Self Made deftly glams up Madam C.J. Walker's history: The Netflix miniseries "is an anachronistic act of wish fulfillment meant for the slice of the viewership that has only recently gotten to see its history depicted with spice and luxury in a short-run series like this – or, truly, any kind of series," says Melanie McFarland. "Here, by way of Nicole Asher's script, the underappreciated legacy of the first black woman millionaire Sarah Breedlove, known to history as Madam C. J. Walker (played by Oscar winner Octavia Spencer) receives a scripted treatment replete with dance numbers, rosy lighting, and an imaginary boxing match...It also confidently strides through such nagging issues as colorism, class discrimination, and sexism black people visited upon each other in post-slavery, pre-Gilded Age America, all while it caresses, thoughtfully, the complex social and personal issues wrapped up in the relationship between black dignity and our hair, and the impossible, ugly beauty standards erected as an obstacle to opportunity. Naturally, I expect a lot of people won't be amused by such a high-concept treatment of this inspiring true story. The broader American public is unfamiliar with Madam C.J. Walker's legacy as a beauty industry pioneer. Most high school history curricula skip over her contributions to black entrepreneurial history and her support of the Harlem Renaissance in their slapdash black history month lesson plans. To the generation that knows who she is, however, her name is synonymous with entrepreneurial drive, innovation and the timeless dynamism summed up as hustle."
Octavia Spencer's performance is dazzling: "The role of pioneer comes naturally to her, and her character shows the scars of what it means to be a successful woman in a community and era where there were few," says Lorraine Ali. "Men are threatened by her power: Booker T. Washington says he’d 'rather endorse a palm reader than a hair culturist.' Female peers forsake her. Societal norms run counter to everything she hopes to achieve. And Spencer conveys all that victory and pain with compelling authenticity. The rest of the cast look as though they had a blast bringing this story to life. Walker’s partner (Blair Underwood) struggles with his wife’s increasing independence. Her daughter, Leila (Tiffany Haddish), is a firecracker who provides moral support and comedic relief. Garrett Morris plays her tenacious father-in-law, the formerly enslaved Cleophus, while Kevin Carroll is her lawyer, Ransom, and Bill Bellamy is Ransom’s shifty cousin, Sweetness."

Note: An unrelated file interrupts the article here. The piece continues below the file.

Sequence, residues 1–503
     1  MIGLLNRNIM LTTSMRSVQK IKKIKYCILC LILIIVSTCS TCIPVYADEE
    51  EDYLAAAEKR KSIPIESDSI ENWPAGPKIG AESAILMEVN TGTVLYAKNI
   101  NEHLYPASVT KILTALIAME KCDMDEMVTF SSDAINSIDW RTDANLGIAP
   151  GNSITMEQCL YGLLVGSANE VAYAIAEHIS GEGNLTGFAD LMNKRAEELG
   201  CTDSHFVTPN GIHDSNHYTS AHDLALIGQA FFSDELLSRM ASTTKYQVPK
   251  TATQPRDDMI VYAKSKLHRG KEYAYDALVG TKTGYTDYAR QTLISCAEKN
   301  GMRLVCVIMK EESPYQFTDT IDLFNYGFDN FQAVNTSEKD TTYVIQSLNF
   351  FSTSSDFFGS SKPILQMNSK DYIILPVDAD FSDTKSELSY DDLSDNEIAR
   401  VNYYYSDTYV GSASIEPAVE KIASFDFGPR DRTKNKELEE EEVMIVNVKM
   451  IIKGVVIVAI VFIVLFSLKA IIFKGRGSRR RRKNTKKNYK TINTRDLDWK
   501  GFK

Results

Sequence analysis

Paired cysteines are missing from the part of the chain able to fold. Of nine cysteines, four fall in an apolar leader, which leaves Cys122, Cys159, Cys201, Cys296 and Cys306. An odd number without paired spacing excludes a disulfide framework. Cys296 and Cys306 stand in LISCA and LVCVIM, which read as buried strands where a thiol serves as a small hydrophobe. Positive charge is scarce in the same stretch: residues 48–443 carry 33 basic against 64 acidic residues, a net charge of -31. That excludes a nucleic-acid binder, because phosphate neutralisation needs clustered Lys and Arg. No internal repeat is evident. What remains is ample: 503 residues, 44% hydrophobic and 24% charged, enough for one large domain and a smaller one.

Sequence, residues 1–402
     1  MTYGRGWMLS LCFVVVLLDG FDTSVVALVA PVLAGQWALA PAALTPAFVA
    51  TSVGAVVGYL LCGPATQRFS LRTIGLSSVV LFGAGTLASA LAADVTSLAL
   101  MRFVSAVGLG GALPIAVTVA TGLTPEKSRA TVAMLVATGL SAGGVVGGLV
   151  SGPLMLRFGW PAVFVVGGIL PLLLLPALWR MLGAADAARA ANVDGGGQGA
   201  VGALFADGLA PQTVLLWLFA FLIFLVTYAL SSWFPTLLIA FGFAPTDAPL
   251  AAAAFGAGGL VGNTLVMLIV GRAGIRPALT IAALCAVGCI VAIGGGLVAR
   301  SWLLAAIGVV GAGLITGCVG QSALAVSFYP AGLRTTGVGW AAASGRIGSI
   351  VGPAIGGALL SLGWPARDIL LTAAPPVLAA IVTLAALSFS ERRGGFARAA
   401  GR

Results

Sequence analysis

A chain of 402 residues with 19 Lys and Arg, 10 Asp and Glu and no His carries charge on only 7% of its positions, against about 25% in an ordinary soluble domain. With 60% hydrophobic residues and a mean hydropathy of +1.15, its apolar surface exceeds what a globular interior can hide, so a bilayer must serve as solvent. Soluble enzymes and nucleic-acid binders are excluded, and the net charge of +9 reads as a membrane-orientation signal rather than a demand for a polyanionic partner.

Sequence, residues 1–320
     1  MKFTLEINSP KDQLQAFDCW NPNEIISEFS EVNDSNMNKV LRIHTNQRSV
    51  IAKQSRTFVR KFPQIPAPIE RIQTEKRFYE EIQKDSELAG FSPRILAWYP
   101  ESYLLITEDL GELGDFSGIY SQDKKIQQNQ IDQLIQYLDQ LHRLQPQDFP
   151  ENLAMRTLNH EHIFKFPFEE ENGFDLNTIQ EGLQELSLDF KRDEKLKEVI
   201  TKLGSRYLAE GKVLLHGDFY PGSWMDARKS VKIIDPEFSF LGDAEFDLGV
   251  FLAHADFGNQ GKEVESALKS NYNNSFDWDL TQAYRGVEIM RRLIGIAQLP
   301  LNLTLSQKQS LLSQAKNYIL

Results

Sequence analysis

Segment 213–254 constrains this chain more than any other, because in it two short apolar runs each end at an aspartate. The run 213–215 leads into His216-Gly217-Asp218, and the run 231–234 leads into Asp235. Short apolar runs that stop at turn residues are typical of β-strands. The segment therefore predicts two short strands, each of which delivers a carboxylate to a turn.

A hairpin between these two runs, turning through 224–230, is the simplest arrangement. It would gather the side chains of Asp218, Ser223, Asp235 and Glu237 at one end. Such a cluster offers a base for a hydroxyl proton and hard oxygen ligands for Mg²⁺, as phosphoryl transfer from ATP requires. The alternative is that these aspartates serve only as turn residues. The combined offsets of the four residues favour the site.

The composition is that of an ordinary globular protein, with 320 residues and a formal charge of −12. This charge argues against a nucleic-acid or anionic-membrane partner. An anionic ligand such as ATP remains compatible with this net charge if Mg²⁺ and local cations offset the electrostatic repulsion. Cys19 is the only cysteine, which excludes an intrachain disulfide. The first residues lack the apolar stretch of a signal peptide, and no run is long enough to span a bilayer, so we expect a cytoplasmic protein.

Self Made is too afraid of complications mucking up its feel-good narrative: "Despite the ever-increasing size of (Madam Walker's) empire and the occasional outrageousness of her plans, Self-Made quickly feels repetitive: Her loved ones keep betraying her," says Inkoo Kang. "But the interpersonal dramas fail to register because Sarah has few flaws of her own — it's everyone else who needs to recognize her genius and get out of her way. The production's deliberate chronological confusion also makes it sometimes hard to appreciate how revolutionary Sarah's ideas and accomplishments actually are. Too often, Self-Made feels like a portrait of an insurrectionist standing in a white void."
Octavia Spencer on the importance of telling Madam C.J. Walker's story: “Madam C.J. is known in the black community,” Spencer tells The Wrap. “But that’s why it’s important. I felt it was important to tell her story not only so that she would be a shining example of black excellence, but also an example of what she actually achieved to the world … She was a multi-faceted woman and she contributed so much, not only to black culture, but to our culture and society as a whole.” Spencer adds: “I was raised with Madam C.J. as a standard-bearer in my home. My mom used her as an example to demonstrate to my siblings and I, because we were born of humble beginnings as well, what we could dream of ourselves … So I’ve known about her my whole life, and that’s why I thought it was time for her story to be told. So other young people could aspire to greatness."